Rendering Things on a PC

Ok - now we get to the main part of the program - the bit that does the actual work and draws things.  When rendering things on a PC (on any modern hardware really) we generally have a section of code that does the Drawing of the world, and a section that does the Updating of the position of things in the world (sometimes called the Tick because it ticks time forwards).  There are lots of good reasons for this, but here are a few:

- If you've split the game code into code that Renders and code that Ticks then you can easily add a pause (by not calling Tick any more) and debug features (by removing the Tick and replacing it with something that shifts only the player around, for example)

- Graphics hardware runs at the same time as your main CPU, so if you generate a big block of work for it and tell it to go away and draw it then the rendering can happen whilst you do other things.  By batching up all the Draw calls into one place you can allow the Tick function (often a complex bit of code) to run whilst all the rendering happens.

- It's generally a good idea in any program to split functionality into blocks with similar function, and Rendering and Updating are really totally different processes that can easily be broken apart.

  In this program our "Render" isn't in a separate function, but it is split from the rest of the program with EZ_BeginScene and EZ_EndScene.  EZ_BeginScene tells the renderer to get ready for a new frame of graphics - it makes sure that any previous frame has rendered and waits for a suitable time to start drawing again.  EZ_EndScene tells the renderer that we've finished drawing things now - it is free to send that frame off to the graphics card in one optimised batch.

So - what do we render?  Well, the next line uses the "sin" function to create a smoothly varying value between 0.2 and 0.8 and store it in x.  x is a floating point value (a number that has a decimal point rather than a whole number - called 'float' in C) and this calculation will use floating point maths.  So I guess it's time to talk about floating-point numbers!

Floats and doubles - using decimals in C

As I'm sure you know, computers only really like integer numbers.  They're really only happy when talking about numbers like 7 and 42.  When we want to talk about anything fractional they have to store the number internally as a set of integers somehow, and this representation is called "floating point".  Originally CPUs had to operate on the integers making up the floating point number "by hand" using adds and subtracts of integer values, but these days they all have a Floating Point Unit (FPU) that can do the maths using dedicated circuits.  Because of this floating point values are as fast (or faster) than integers and can be used all over the place.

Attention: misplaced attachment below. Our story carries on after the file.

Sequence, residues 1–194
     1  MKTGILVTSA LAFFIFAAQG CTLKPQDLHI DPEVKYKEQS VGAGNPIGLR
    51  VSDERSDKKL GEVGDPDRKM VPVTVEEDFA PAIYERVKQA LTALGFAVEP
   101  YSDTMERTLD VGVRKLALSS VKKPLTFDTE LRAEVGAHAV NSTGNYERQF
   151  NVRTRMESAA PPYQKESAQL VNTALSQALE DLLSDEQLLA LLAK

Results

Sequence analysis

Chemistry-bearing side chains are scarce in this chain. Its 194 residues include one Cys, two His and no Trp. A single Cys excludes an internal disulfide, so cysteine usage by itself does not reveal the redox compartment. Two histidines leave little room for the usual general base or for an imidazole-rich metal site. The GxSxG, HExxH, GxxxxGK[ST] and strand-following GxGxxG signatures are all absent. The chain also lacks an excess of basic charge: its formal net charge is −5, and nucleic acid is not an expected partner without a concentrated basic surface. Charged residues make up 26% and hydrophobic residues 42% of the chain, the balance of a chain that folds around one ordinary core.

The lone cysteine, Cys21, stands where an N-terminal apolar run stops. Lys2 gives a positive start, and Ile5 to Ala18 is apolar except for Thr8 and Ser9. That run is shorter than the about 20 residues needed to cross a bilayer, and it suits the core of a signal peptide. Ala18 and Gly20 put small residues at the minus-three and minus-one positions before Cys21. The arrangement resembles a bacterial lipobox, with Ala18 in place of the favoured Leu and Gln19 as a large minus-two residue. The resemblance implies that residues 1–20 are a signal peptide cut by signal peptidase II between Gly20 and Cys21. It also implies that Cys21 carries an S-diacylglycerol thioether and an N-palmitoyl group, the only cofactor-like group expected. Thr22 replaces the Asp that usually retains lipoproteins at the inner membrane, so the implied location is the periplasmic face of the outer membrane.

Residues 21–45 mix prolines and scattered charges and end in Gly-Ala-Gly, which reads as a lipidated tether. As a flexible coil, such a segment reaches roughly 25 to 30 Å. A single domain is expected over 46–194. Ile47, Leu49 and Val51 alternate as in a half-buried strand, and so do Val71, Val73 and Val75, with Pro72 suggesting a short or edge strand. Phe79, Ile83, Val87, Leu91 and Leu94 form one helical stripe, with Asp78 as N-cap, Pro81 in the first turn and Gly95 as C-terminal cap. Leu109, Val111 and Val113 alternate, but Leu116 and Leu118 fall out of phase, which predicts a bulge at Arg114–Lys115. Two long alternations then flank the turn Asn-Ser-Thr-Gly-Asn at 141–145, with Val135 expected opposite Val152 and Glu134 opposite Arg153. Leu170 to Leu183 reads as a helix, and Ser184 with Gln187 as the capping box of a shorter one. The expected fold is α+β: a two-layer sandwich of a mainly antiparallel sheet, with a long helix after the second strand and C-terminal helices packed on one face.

Storing those numbers

In order to store a fractional value using integers a computer splits it into 2 pieces - the 'mantissa' and the 'exponent'.  The mantissa stores the significant digits of the number, and the exponent tells you how far the decimal point has moved to the left or the right.  For example, 100 is the same as 1 with the decimal point shifted two places to the right.  If we said that Right was positive and Left was negative, then 100 = 1 with a shift of +2, and 0.00001 = 1 with a shift of -5.  This is very similar to scientific notation where these numbers would be written 1E2 and 1E-5.  So now instead of fractions we have 2 decimal numbers.  Pi can be stored as 31415962 and -7.  12345600000 would be 123456 and 5 (on a computer we don't have Decimal points but Binary points, but the theory is the same)

Great!  So where does that get us?  Well, we can store Fractiony things!  What's the catch?  Well, there's a limit to how Good our numbers can be, depending on how much space we want to spend on our Mantissa and our Exponent.  Imagine we use 4 digits for the mantissa and 2 for the exponent.  Then we can store HUGE and TINY numbers, but only approximately.  For example, we can store 1234000000 without problems (1234 and 6) but not 1234000001 or even 1234100000!  We've run out of accuracy.  Likewise we can store 0.0000000000000001234 but not 12345.  So these Floating Point numbers are a bit odd.  If you make a number really big and then small again it might just fall apart.  For example, with the 4 digits/2 digits version we just used,  (x + 1) - 1 might not equal x!  (try this with 0.1234 for example).

The upshot of all this is that C has 2 types of number - the float which is 32 bits long (roughly 7 decimal digits of mantissa and 2ish of exponent) and the double which is 64 bits long (16 decimal digits mantissa and 3ish of exponent).  Floats are nearly always supported in hardware and are really really fast.  Doubles aren't supported and are really really slow.  To tell the compiler what we mean we use 2 methods - the variable type ('float' and 'double') and an extension on the number - 'f' for float and nothing for double.  So the number 5.67f is a floating point value, and 5.67 is a double value.  This means that if you write "x * 5.67" it could well be a lot slower than "x * 5.67f"!  Worth making sure you don't get them mixed up!


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Last Updated on Monday, 12 January 2009 21:33